FAQs

boy without legs What happened to your legs?
I was born without legs. To this day, my family isn’t sure how or why. Since there’s no genetic history and my two little girls have all their fingers and toes, it was probably due to complications during my mother’s pregnancy.

How do you get around?
It depends on where I’m going and what I’m doing. I mostly walk on my hands around the house and when I’m playing with my girls. When I cook dinner, I either wear my legs or get around on a rolling office chair. For short trips to places like Target and when I’m out and about with my girls, I use a skateboard. For exercising and going long distances, like when we go to Disney World, I use my wheelchair. I wear my C-legs to work everyday, as well as places like the grocery store and going out with friends.

Some people ask me why I don’t wear my legs all the time, and I reply that not everything is easier with legs. Sometimes I’m in a rush, and sometimes they aren’t comfortable.

What kinds of things do you have difficulty doing or do differently than most people?
I sometimes have difficulty reaching things when I’m not wearing my legs, but usually I’ll just climb on something or ask for help.  I use hand controls to drive a car.  I’ve never ridden a bike, but with my new C-legs I may soon learn how! I’m not the best dancer in the world, but I definitely know how to have fun on the dance floor!

Do you like not having legs?
Yes, I like not having legs! It’s a lot of fun! I can do fun tricks like walking while doing a handstand and back flips, and I’m the best at hide-and-seek! I really enjoy playing with my children on their level and seeing the world from their point of view.

Some of the perks include handicapped parking and going through the express line at the airport, though security tends to take a few extra minutes because of my C-legs.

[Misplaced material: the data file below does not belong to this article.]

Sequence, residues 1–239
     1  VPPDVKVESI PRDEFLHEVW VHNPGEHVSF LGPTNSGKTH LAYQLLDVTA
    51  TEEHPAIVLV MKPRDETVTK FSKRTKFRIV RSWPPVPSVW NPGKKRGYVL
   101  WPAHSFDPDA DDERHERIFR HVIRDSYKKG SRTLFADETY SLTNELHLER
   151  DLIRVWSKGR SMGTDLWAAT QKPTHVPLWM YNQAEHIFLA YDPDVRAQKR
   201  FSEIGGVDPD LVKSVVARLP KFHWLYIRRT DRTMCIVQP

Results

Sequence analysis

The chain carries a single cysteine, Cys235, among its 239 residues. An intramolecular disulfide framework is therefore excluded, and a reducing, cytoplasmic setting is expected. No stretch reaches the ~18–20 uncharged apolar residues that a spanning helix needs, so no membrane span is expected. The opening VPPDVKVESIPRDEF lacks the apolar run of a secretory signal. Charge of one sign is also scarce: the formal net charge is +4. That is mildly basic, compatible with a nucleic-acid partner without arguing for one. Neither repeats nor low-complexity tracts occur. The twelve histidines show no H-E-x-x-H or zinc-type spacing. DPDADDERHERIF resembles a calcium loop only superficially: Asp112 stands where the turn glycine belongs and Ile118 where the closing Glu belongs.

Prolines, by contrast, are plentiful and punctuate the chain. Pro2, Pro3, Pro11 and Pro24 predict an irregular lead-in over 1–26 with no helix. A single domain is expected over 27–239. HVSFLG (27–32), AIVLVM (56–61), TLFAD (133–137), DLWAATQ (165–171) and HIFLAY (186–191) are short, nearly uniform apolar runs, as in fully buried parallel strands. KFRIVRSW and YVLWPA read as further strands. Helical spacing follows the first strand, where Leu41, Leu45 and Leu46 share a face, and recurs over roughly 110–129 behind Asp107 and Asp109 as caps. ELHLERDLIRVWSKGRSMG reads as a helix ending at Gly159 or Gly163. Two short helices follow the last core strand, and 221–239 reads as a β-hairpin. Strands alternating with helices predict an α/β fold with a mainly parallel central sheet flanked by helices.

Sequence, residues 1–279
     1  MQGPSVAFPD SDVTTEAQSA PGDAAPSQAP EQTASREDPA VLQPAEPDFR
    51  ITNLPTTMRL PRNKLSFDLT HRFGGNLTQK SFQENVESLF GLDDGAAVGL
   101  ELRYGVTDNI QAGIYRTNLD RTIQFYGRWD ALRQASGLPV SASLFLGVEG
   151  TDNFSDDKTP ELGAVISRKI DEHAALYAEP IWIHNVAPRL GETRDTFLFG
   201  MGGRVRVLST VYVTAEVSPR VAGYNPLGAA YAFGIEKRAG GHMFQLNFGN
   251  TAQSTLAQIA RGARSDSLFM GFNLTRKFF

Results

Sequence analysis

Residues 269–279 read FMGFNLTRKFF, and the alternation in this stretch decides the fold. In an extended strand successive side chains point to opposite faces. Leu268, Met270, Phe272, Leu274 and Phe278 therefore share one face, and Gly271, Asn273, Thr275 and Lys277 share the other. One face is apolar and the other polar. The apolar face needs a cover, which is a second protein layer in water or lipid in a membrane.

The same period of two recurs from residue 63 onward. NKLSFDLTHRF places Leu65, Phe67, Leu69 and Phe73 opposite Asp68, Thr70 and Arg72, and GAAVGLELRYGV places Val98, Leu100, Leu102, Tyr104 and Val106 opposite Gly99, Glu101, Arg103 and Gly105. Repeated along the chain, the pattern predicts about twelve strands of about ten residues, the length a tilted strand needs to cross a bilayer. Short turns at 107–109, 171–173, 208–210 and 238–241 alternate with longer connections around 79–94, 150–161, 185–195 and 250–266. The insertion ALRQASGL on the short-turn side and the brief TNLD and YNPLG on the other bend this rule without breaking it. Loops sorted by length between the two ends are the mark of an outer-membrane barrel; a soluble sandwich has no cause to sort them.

Are you insecure about not having legs?
I was in high school, but who wasn’t insecure as a teenager? I went to a normal school and had plenty of friends. The relationships I’ve had with women have been very meaningful, and I am currently with a woman really appreciates me for who I am.

Some people expect me to be shy or anxious about who I am. I’m not shy. I have been going to hospitals since I was 2 – getting x-rayed, poked and studied from an early age tends to lower your inhibition. Now, this certainly doesn’t mean I’m the first guy to take his shirt off and shout out crazy stuff at a party or football game, but it does mean I am very social and tend to speak my mind. I have learned to ask for what I need, both emotionally and physically.

Does it hurt not having legs?
Some people think, “Oh poor guy, he must be suffering.” I’m not in pain. I never had legs, so I don’t miss having them. I didn’t lose my legs through a tragic event, so I don’t relive the moment I found out I didn’t have legs, nor do I have phantom sensations.

How do you want people to treat you?
I want people to treat me with respect and kindness, just like anyone else. I want people to feel comfortable saying hello and asking questions. Many people with legs expect me to wish I had legs, too. Some people even pity me. The truth is, I don’t mind being the guy without legs. If someone has an issue with it, then we can sit down and have a heart-to-heart.

If you have additional questions for Paco, feel free to contact him.

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